Classroom harassment

Supreme Court: Schools that do not respond to student sexual misbehavior face liability.

June 01, 1999

IF THEY haven't already, school systems now must take sexual harassment seriously.

The Supreme Court last week made school districts liable for damages if they ignore complaints of severe, pervasive sexual harassment by students.

Last year, the high court ruled that schools could be liable if teachers harassed students. Now schools must also be prepared to discipline students for harassment and develop programs that promote appropriate behavior.

Justice Sandra Day O'Connor, writing for the court's majority, asserted that a federal law, which bars sexual discrimination in schools and colleges receiving federal money, also covers sexual discrimination when it creates a hostile learning environment.

The case involved a fifth-grade Georgia student who had been harassed over a five-month period. A fellow student propositioned her for sex, rubbed against her and acted provocatively. She complained to school authorities, who took no action.

She became despondent. Her school work suffered. The court ruled the girl had been denied educational opportunities because of her gender.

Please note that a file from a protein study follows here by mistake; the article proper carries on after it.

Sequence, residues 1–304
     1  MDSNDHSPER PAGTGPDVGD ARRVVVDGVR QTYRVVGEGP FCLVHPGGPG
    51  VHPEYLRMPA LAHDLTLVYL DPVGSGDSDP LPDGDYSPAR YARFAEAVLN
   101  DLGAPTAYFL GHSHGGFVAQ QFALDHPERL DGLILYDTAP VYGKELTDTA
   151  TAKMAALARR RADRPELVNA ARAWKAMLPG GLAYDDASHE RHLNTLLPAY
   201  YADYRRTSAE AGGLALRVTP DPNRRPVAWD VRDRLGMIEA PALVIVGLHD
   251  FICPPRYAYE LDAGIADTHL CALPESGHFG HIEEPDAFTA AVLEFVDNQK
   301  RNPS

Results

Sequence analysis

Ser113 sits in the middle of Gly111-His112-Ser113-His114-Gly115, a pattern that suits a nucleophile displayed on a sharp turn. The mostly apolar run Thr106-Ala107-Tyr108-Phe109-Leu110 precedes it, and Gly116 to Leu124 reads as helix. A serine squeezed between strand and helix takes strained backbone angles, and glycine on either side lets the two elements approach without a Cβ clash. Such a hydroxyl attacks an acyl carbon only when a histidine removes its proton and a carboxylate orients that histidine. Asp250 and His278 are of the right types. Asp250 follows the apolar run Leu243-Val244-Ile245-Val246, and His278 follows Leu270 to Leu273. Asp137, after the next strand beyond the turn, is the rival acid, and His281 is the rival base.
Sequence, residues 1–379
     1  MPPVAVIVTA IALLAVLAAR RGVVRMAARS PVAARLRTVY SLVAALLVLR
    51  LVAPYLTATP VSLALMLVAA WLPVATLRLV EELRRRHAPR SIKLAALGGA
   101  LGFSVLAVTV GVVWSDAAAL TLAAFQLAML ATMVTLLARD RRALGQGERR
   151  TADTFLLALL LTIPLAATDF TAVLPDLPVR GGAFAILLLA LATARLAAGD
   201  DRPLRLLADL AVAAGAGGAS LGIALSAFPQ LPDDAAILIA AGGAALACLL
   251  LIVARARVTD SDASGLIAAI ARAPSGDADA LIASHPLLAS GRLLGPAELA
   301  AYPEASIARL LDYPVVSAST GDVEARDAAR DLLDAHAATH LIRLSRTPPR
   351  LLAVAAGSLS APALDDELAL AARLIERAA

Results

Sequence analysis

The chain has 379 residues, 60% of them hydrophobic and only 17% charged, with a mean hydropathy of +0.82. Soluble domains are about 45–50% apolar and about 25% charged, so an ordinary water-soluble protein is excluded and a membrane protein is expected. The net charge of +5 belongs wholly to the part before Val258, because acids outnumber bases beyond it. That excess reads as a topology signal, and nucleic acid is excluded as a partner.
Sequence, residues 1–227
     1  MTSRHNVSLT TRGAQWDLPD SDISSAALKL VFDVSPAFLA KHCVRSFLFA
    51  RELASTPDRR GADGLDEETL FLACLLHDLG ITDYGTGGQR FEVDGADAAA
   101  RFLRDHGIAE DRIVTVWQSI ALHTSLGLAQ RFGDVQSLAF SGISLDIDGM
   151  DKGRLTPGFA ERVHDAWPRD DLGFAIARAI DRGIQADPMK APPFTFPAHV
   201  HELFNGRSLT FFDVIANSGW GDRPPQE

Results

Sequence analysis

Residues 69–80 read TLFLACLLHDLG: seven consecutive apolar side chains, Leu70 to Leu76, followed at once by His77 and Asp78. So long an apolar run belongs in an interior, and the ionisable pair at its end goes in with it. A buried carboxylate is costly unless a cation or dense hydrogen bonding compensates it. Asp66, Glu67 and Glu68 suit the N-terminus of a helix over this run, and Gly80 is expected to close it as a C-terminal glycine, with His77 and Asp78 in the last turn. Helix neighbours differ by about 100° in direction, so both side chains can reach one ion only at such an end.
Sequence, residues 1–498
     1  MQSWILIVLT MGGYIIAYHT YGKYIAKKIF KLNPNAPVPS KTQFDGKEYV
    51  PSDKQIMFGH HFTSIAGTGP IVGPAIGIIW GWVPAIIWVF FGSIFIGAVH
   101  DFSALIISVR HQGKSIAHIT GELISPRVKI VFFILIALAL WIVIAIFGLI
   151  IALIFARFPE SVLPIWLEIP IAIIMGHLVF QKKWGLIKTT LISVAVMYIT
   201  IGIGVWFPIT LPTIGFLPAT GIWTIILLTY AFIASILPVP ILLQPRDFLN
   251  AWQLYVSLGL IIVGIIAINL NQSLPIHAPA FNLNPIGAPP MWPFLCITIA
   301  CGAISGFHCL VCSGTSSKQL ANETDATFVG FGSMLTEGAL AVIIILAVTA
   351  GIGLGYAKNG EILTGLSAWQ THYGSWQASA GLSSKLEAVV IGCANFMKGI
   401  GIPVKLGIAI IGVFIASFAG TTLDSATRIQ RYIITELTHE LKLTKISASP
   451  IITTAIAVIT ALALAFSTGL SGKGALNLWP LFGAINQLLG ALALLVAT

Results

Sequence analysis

The majority clearly indicated that school districts will be liable only if they are "deliberately indifferent," a high standard. Yet those in the minority predict a "flood of liability."

This overstates the consequences of the ruling.

Schools aren't expected to prevent all misbehavior. A single provocative remark or teasing isn't sufficient grounds for legal action. However, when behavior becomes so objectionable it affects a student's ability to learn, the school system could be liable, particularly if the misconduct has been brought to its attention.

Schools that have failed to develop programs to deal with sexual harassment have been put on notice. Even schools with preventive programs may have trouble if students with problems don't get the attention of administrators. The days of giving short shrift to student harassment charges are over.

Pub Date: 6/01/99

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